In Tom’s Kitchen, Grist’s food editor discusses some of the quick-and-easy things he gets up to in, well, his kitchen. He thinks the column name sucks–please help him rename it. Email ideas to tphilpott[at]grist[dot]org. Forgive him for the lame iPhone photography.


lentilsMise en place: getting it together in Tom’s kitchen. Photo: Tom PhilpottOn page 304 of Deborah Madison’s masterpiece Vegetarian Cooking for Everyone, there’s a recipe called, with undue modesty, “Red Lentil Dal with Aromatics.”

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The dish is gorgeous–and simple. You saute onion, garlic, and chile in ghee; add lentils, turmeric, and water, and cook until soft. You finish with shallots fried in ghee with mustard seeds and bay leaves, and finally some coconut milk. That’s it. The result gets depth and richness from the coconut milk and fried shallots; and this incredible, full curry flavor from the turmeric, mustards seeds, and bay. It’s a pure, elemental dish–perfect for warming up after a cold day outside.

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The curry flavor in the dish surprised me. It really only has two spices associated with curry–mustard seeds and turmeric. I had always assumed to get a good, full curry flavor, you have to either grind a bunch of whole spices–cinnamon, cardamon seeds, cloves, etc.–or buy some pre-gound mix at the grocery store and hope for the best (because pre-ground spice mixes turn to sawdust with shocking speed). Deborah’s dish taught me that just a couple of well-chosen spices can deliver the goods.

Indeed, It wasn’t until I this recipe dish seven or eight years ago that I really got red lentils at all. They’re quick–they cook in little more than 30 minutes. And, goosed with curry spices and aromatics, they taste really, really good.

These days, I use Madison’s recipe only occasionally–when I have all the ingredients on hand (the absent ones typically being coconut milk and shallots, both of which I adore). When I don’t have them around, I do a kind of slapdash version, which I will describe now.

My hacked version relies on onions caramelized in butter (when I run out of onions, cooking becomes difficult) and whetever curry spices I have on hand. The onions, sweet and buttery, give the dish a savory depth that approaches, but doesn’t quite reach, the splendor of Madison’s. And the random nature of the curry spices I have on hand give the dish an unpredictability I treasure.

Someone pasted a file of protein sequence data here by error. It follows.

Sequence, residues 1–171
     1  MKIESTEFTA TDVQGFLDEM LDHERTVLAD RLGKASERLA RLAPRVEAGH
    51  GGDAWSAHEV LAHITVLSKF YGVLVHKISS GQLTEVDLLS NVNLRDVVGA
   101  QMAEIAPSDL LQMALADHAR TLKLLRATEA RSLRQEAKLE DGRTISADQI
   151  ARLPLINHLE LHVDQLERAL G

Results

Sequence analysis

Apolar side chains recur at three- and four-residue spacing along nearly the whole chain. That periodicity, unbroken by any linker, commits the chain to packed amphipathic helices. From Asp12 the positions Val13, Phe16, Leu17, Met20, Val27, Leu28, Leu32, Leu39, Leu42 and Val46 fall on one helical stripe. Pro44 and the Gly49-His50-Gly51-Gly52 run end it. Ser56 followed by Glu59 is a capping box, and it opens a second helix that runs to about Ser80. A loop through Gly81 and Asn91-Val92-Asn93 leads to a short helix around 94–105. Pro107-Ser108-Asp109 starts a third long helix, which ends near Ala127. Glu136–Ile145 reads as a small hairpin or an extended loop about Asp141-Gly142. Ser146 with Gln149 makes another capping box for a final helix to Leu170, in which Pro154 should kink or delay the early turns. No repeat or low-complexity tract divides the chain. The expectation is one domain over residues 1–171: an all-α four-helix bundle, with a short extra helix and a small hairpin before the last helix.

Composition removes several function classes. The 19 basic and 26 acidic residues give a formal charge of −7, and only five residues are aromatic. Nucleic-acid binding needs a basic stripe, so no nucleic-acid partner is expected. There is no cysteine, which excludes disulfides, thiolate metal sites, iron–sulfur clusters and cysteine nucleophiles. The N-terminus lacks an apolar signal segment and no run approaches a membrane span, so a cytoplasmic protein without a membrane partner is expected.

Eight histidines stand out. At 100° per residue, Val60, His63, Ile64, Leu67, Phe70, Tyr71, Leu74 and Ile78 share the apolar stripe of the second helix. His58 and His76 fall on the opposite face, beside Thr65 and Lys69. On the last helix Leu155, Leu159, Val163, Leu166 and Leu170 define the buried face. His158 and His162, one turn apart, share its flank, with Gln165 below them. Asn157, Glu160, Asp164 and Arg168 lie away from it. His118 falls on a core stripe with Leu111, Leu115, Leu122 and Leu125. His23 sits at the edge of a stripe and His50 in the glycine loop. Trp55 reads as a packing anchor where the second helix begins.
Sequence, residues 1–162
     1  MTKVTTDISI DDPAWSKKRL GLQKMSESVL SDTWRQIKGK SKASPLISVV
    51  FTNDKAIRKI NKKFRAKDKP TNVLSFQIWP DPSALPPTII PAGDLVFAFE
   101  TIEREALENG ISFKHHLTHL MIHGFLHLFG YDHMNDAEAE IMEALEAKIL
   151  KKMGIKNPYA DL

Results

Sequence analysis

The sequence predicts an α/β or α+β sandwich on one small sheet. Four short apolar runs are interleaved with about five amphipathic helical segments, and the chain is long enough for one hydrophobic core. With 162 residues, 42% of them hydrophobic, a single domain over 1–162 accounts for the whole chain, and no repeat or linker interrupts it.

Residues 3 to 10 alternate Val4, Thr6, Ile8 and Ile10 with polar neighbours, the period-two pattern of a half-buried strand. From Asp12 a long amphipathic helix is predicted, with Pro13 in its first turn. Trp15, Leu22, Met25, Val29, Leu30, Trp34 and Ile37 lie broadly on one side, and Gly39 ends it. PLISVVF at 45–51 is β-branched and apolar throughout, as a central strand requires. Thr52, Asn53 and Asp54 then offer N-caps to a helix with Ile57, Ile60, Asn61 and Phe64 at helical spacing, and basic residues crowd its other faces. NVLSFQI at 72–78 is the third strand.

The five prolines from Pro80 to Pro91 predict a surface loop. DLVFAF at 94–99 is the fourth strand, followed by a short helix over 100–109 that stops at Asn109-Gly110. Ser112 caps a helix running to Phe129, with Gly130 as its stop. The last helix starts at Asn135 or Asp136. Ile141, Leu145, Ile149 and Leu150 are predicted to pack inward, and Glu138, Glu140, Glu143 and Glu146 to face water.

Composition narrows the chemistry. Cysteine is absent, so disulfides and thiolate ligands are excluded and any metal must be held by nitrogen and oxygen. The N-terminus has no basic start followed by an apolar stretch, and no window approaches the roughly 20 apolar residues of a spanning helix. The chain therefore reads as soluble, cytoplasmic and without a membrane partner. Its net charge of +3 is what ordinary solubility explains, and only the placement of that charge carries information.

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Mise en place.
• A good chunk of butter, about three tablespoons. (I’ve been using Organic Valley “pasture butter.”) Especially without the coconut milk, butter gives this dish richness. I don’t much like store-bought ghee, and am usually too pressed for time or lazy to make my own from butter. You could use good-quality vegetable oil in a pinch–or a combination of butter and oil. Homemade ghee is the gold standard.
• 2 small onions, halved lengthwise and sliced thinly.
• Curry spices. I really recommend keeping a store of black mustard seeds around. Other ones are turmeric, cinnamon, cardamon, and even store-bought “curry” mix. something hot is neccessary–crushed chile flakes, hot paprika, etc. Note: whole spices, like cinnamon stick and cardamon seed, add real vibrancy to the dish, and need not be ground. (See below.)
• 2-4 cloves garlic (I use four), chopped fine.
• A knuckle-sized knob of ginger, peeled and chopped fine, optional but recommended (note to self–why am I always out of ginger? I love the stuff.)
• I cup red lentils, rinsed and picked over for rocks, then drained.
• 3 cups water
• Good sea salt
• A loaded pepper grinder
• Something green–preferably cilantro, but parsley works, too–chopped.

In a medium-sized heavy-bottomed pot, heat butter over medium-low heat. When the butter has melted and its foam has subsided, add the sliced onion. Turn heat to a gentle medium. (Note: to aid the caramelizing process, i sometimes add a pinch of sugar.) Now add the spices–a little of this and a little of that. Definitely a full teaspoon of mustard seeds. If you have a small chunk of cinnamon stick, add it; two or three cardamon seeds would be good. You’ll fish them out later, or someone will accidently bite into one. I guarantee your the risk-reward ratio is favorable here. Sprinkle on a heavy pinch of turmeric, by all means, and “curry powder,” too; and whetever else you have in the way of curry spices. And good pinch of spicy paprika or crushed chile. Stir in spices. Cook, stirring often, until onions soften. Make sure they don’t scorch; turn down heat if they threaten to. When the onions are soft, turn heat to low and stir occasionally. Be patient. Soon enough, you will have lovely brown onions. When the onions have browned, stir in the garlic and, if you have it, the ginger. Let it cook another minute and add the lentils. Stir to coat with the curried brown onions. Add the water, bring to a boil over high heat, turn heat to lowest setting and cover. They’ll cook in 30-40 minutes. Check occasionally to make sure they’re not drying out; if so, add some hot water. Like split peas, they should be very soft–a kind of rough paste. When they’re done, taste, and add a half teaspoon of salt and a generous grinding of pepper. Then taste again. Note how the salt sparked everything to life. Correct for salt, and serve.

I serve them with brown rice, topped with chopped parsley. To take the dish to the next level, add some sauteed, curried collard greens to the side. All of that, plus a raw cabbage salad brightened with fresh lemon juice and chopped parsley, make a simple, delicious winter dinner.

This sort of food seems best-suited to beer–one with enough sweetness and roastiness to stand up to the spice. I enjoyed it recently with Duck-Rabbit Porter. I bet a zippy, dry Riesling would work, too.